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United States Foreign Aid Russia

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NEWS
September 15, 1992 | JAMES RISEN, TIMES STAFF WRITER
Under prodding from Moscow, the Bush Administration announced Monday a $1.15-billion expansion of U.S. agricultural aid to help Russia endure another food crisis expected this winter. Faced with forecasts of a shortfall again in the Russian harvest, as well as continuing signs of severe disruptions in the Russian food distribution system, the Bush Administration responded to requests two weeks ago from Russian President Boris N. Yeltsin for quick action on food aid before the onset of winter. U.
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BUSINESS
January 16, 2001 | Reuters
Russia pondered the prospect of tougher economic relations with the U.S. after suggestions by President-elect George W. Bush that financial aid should be linked to guarantees against corruption. Commentators said the tougher line in a weekend interview with the New York Times represented a major change after eight years of Bill Clinton's administration.
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NEWS
February 1, 1995 | RICHARD BOUDREAUX, TIMES STAFF WRITER
Russia warned the new, Republican-led U.S. Congress on Tuesday to refrain from "confrontational outbursts" and appeals to "punish Russia" by restricting American aid. The unusually strong warning by Russian Foreign Ministry spokesman Grigory Karasin was a response to a bill introduced last month in the House of Representatives by Rep. Gerald B.H. Solomon (R-N.Y.), one of a growing number of GOP lawmakers who want to make U.S.
BUSINESS
December 22, 1999 | JONATHAN PETERSON, TIMES STAFF WRITER
The Clinton administration blocked $498 million in loan guarantees to Russia on Tuesday, in a striking signal of displeasure with Russia's economic corruption and an indirect protest of its brutal military campaign in Chechnya. The action was announced late in the day by the State Department and the Export-Import Bank, an independent agency that had been intent on approving the aid for energy projects in Siberia and Moscow until White House officials expressed their concerns.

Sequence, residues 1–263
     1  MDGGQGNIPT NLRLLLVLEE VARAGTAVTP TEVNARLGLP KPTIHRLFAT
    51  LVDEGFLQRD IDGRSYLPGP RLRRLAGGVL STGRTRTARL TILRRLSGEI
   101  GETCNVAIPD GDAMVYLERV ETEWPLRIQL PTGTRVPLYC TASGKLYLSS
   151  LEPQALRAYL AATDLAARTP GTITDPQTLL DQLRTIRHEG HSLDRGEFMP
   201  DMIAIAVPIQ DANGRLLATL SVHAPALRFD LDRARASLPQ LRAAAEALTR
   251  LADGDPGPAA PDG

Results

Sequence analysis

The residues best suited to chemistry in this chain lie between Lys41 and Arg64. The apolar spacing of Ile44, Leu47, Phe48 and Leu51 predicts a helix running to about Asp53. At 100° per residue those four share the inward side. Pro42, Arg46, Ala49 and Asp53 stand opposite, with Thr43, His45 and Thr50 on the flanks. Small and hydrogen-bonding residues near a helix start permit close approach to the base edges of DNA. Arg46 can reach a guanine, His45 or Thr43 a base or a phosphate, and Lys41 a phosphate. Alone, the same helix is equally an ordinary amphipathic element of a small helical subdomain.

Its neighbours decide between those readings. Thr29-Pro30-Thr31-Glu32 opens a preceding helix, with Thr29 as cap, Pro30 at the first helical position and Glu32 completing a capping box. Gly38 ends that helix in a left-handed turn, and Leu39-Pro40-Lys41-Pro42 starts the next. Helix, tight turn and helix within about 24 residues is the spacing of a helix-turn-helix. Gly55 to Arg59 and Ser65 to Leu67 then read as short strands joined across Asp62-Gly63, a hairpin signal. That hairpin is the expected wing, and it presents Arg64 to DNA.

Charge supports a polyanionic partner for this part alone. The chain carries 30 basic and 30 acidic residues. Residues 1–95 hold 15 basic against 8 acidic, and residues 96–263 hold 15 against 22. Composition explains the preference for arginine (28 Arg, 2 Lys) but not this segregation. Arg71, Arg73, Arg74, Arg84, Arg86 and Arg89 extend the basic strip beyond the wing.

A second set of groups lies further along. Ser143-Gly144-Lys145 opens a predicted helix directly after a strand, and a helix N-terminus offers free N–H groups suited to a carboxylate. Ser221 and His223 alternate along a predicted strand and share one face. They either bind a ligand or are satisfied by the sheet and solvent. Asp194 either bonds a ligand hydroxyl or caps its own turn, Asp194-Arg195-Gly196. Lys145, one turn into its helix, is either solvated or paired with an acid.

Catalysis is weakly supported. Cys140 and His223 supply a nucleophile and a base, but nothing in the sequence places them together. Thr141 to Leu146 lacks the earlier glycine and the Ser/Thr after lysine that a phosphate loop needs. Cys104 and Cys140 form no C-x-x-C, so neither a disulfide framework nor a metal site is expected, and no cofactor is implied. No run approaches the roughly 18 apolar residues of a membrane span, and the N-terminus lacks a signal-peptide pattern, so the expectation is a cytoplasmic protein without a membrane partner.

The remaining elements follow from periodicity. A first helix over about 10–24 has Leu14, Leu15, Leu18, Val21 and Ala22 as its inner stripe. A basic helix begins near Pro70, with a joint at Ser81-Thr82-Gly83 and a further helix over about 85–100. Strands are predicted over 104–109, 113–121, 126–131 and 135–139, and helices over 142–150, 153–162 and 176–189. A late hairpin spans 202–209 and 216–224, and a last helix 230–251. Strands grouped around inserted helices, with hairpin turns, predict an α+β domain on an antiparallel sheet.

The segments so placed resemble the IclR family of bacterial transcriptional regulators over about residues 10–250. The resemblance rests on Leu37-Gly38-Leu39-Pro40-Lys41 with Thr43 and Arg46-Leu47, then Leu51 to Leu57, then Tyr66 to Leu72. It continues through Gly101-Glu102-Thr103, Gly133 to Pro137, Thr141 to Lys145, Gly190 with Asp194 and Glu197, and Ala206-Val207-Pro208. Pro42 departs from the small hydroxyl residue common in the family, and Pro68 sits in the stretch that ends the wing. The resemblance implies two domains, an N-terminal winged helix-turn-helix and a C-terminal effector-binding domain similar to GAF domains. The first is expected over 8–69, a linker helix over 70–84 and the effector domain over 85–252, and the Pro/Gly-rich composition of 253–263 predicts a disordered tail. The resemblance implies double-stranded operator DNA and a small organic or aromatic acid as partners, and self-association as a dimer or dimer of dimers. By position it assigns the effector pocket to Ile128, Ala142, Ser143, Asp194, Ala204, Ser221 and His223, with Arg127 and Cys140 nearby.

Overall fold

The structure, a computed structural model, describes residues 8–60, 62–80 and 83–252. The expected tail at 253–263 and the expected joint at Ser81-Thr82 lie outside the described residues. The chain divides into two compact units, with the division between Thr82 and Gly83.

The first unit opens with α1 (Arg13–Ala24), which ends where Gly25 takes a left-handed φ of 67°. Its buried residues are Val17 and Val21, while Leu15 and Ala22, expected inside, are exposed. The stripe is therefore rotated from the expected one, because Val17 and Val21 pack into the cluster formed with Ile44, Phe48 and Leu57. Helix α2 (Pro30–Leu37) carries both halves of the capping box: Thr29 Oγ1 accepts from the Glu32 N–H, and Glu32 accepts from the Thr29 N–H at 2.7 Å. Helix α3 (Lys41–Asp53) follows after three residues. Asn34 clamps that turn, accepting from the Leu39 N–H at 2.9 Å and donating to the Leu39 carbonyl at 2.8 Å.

NEWS
March 6, 1992 | DOYLE McMANUS, TIMES STAFF WRITER
In an unprecedented use of U.S. money to sustain cutting-edge Russian research, the United States has decided to fund a major Russian nuclear laboratory, paying the salaries of 116 former Soviet scientists to work on harnessing nuclear fusion for civilian use, officials said Thursday.
NEWS
February 26, 1997 | From Times Wire Reports
Congressional Republicans gave a guarded assessment of President Clinton's proposed 44% increase in U.S. aid to the former Soviet Union. In his proposed fiscal 1998 budget, sent to Congress earlier this month, the president is seeking $900 million in aid for Russia and 11 former Soviet republics, up from $625 million this year. "Our committee can and intends to work with you," House International Relations Committee Chairman Benjamin A. Gilman (R-N.Y.) told J.
NEWS
January 19, 1995 | JIM MANN, TIMES STAFF WRITER
Secretary of State Warren Christopher held amicable talks Thursday with Russian Foreign Minister Andrei V. Kozyrev, clearly indicating that, despite the war raging in Chechnya, the Clinton Administration does not want to penalize Russia for its use of force. Kozyrev, grateful for the Clinton Administration's relatively mild response to Chechnya, promised after the talks ended that Russia will not let the end of the Cold War deteriorate into a "cold peace," as Russian President Boris N.
NEWS
January 20, 1995 | From Associated Press
Yelena Bonner, one of Russia's most prominent human rights campaigners, told U.S. lawmakers Thursday that the West should suspend financial aid to Russia because of the war in Chechnya. "The only exception to this should be humanitarian aid," Bonner said through a translator at a congressional hearing on the Chechen rebellion. Bonner, widow of Nobel Peace Prize laureate Andrei D. Sakharov, blamed Russian President Boris N.
NEWS
June 13, 1992 | WILLIAM J. EATON, TIMES STAFF WRITER
Days before Russian President Boris N. Yeltsin's arrival for his first summit with President Bush, two Iowa congressmen have begun to organize an effort aimed at freeing up the Bush Administration's $600-million aid package for Russia and other former Soviet republics. Democratic Rep. Dave Nagle and Republican Rep. Jim Leach on Friday assembled organizations ranging from the ultra-liberal Council for a Livable World to the U.S.
NEWS
June 19, 1992 | SAM FULWOOD III, TIMES STAFF WRITER